The Startup
Published in

The Startup

Handle global state in a Gatsby app without using Redux

Last week I post a blog about fetch data from the database/API with useEffect and useContext. That is going to enable the component to fetch some data every time it is rendered. But what about those global states that would be shared by different components scattered all over the application?

What I usually do in a React app

For example, when we have a user component and we want to pass it to Dashboard and NavBar, what can we do? Since Gatsby is a React framework, I try to compare how I implement it in React. I remember I will use Redux. Just in case you don’t know too much about Redux, I will explain some more.

Since usually React is used to produce a single page application, there is an index.js in React which represents that single page, in other words, the whole app. The architecture usually looks like:


Therefore, Redux will wrap App component with something called store, which includes all states or dispatch methods and thus all components within the App component would have access to those states or methods .

What I can do in the Gatsby app

Modify the htmj.js

In the Gatsby app, there is no such thing called index.js by default. There is another thing called html.js which is usually hidden. You can usually unveil it with this command:

cp .cache/default-html.js src/html.js

And now you will see it and insert HTML into header and footer or add some custom JavaScript(where you can grab the data).

But usually, I don’t use that because I think there’s a reason that it is hidden, and don’t want to by accident mess up the configuration. (Let me know if you know why it is hidden though 😆). Also, to insert some lengthy JS codes in a file that looks like HTML(even the suffix is js) is really ugly and doesn't make sense to me.

Set up a Layout Component

The second way is to manually set up a Layout component and grab all the data that I need there using useEffect and useContext just like what I illustrated in the last blog. Then a Layout component will probably look like this:

import React,{useState, createContext }  from "react"import Navbar from "./navBar"export const SomeContext = React.createContext(null);// don't forget to export, so that it can be used outside of this componentconst Layout = ({ children }) => {  

const [user, setUser] = useState(null)
useEffect(() => {
getUser = async() => {
let user = await fetchData()
, []
return (
<SomeContext.Provider value={{user}}>
<Navbar />
export default Layout

In this way, everything we wrap with Layout component will automatically become the children and would be able to use the user object that is provided through SomeContext.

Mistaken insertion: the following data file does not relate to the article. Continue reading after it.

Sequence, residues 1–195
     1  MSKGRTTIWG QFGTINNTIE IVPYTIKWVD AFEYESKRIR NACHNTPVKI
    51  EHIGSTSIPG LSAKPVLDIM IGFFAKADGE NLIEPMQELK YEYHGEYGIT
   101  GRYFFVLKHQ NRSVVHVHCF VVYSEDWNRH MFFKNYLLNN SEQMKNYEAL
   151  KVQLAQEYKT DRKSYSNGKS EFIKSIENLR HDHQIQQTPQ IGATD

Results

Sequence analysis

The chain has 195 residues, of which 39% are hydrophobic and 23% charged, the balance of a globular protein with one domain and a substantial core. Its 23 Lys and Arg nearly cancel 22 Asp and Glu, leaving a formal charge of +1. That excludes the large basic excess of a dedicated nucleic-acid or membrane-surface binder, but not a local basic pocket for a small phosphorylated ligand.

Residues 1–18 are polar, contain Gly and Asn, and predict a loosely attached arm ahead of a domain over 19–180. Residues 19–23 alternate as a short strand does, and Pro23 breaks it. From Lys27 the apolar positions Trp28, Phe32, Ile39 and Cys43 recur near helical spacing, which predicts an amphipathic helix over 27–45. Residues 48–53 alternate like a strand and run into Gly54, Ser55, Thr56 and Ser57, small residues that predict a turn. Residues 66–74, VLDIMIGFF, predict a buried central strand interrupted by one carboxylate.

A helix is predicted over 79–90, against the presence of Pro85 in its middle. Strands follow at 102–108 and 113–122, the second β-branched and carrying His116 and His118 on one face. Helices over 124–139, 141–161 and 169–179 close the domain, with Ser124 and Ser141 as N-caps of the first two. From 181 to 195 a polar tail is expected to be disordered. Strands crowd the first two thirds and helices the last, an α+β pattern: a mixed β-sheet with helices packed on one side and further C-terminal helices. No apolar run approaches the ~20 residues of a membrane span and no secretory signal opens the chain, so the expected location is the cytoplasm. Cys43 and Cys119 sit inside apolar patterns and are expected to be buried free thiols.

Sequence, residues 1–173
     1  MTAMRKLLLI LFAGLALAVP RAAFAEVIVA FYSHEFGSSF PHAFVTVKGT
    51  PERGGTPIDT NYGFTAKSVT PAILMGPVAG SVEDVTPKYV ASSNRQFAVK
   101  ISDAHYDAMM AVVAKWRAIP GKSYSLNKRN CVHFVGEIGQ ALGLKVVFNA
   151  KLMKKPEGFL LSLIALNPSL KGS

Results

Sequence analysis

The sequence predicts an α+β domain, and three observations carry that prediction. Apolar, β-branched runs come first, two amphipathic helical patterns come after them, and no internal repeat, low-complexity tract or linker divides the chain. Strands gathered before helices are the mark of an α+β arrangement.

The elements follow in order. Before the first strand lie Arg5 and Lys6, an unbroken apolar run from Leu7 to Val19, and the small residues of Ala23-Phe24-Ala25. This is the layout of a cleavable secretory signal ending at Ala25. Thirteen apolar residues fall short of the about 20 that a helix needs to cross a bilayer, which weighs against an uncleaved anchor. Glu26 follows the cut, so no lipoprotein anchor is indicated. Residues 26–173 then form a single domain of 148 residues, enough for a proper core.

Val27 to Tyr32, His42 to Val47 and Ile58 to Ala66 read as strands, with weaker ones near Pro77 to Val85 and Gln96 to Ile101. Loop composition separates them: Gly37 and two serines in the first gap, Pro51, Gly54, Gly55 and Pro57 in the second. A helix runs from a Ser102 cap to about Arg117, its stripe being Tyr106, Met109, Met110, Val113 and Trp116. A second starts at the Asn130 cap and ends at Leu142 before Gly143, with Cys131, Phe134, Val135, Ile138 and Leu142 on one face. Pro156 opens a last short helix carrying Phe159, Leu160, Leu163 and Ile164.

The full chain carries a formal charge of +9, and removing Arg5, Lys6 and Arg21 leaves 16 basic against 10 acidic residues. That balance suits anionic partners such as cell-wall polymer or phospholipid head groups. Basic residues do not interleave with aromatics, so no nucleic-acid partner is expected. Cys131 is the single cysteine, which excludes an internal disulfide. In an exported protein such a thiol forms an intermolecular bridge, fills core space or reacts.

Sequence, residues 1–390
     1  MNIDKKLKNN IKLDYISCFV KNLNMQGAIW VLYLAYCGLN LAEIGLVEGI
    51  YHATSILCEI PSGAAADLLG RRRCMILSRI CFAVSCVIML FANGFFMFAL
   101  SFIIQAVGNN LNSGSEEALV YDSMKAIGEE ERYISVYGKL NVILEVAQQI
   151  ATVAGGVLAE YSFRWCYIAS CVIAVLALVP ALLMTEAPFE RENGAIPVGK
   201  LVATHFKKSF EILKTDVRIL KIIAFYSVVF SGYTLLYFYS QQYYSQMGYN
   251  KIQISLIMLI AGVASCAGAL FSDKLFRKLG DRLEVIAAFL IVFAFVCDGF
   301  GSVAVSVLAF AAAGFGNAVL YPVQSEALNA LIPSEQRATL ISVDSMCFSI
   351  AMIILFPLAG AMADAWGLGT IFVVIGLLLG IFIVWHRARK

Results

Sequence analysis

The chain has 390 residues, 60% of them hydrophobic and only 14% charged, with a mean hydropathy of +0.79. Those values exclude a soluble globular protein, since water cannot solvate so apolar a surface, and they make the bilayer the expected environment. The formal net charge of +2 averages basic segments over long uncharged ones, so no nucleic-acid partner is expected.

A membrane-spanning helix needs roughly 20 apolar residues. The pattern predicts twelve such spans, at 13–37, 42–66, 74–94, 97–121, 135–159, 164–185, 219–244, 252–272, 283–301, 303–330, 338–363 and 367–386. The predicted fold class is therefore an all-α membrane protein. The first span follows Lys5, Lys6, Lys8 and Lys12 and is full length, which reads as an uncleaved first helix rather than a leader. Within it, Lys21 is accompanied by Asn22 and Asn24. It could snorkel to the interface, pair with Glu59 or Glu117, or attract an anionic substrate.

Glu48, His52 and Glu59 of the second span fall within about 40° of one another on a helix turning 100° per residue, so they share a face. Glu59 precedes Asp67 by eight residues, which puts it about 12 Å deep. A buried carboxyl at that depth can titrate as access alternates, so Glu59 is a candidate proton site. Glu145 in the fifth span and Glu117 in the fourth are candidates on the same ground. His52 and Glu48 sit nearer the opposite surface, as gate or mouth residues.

Therefore, we can wrap up all of the components within this Layout component, just like so:

const AnyComponent = props => {   return <Layout>{any component content}</Layout>

Done! Now every time you want to use the user, you can use it like so:

import React, {useContext} from "react"
import {SomeContext} from "../layout"
const AnyComponent = props => {

const {user} = useContext(SomeContext)
return <Layout>{}</Layout>

Handle Layout component if you are a lazy person

That’s said, even we can use the user object anytime we want with the context API, it is kind of annoying to have to wrap up all components with Layout component manually every time and import it on every file.

What if we can import Layout component somewhere and the application would automatically wrap up with it? That sounds awesome!

The trick is: use wrapPageElement.

Go to the root folder and put this on gatsby-ssr.js and gatsby-browser.js:

import Layout from './src/components/layout'export const wrapPageElement = ({element, props}) => {
return <Layout {...props}>{element}</Layout>

Now you don’t have to import Layoutcomponent all the times and it will be rendered automatically with other components! Bravo!


Besides wrapPageElement, there is one called wrapRootElement. Their difference is illustrated in this article. For those who don’t want to read, here’s the straight answer I picked from there:

…yes, you can use wrapPageElement element for everything, but it’s better to use it only for providers that need the router props, or for page transition layouts, and use wrapRootElement for any other provider, like theme and global state providers.

Thanks for reading!




Get smarter at building your thing. Follow to join The Startup’s +8 million monthly readers & +756K followers.

Recommended from Medium

Reengineering the Application layer of a Big Data Food Safety Platform — part 2

Javascript 30 (Day 12)

Creating Directionally Lit 3D Buttons with CSS

Environment variables for containerized Vue.js applications and how to set them at runtime

Have you ever wondered what is in your CRA webpack bundle ?

Publishing your angular library to npm registry

JavaScript: Double Not Operator?

How To Create List And Grid View Using JavaScript

How To Create List And Grid View Using JavaScript

Get the Medium app

A button that says 'Download on the App Store', and if clicked it will lead you to the iOS App store
A button that says 'Get it on, Google Play', and if clicked it will lead you to the Google Play store
Yingqi Chen

Yingqi Chen

Software engineer and a blockchain noob. Excited about the new world!!LinkedIn:

More from Medium

Building React Custom Hooks

React and Redux simplified.

Centrally manage React states with Context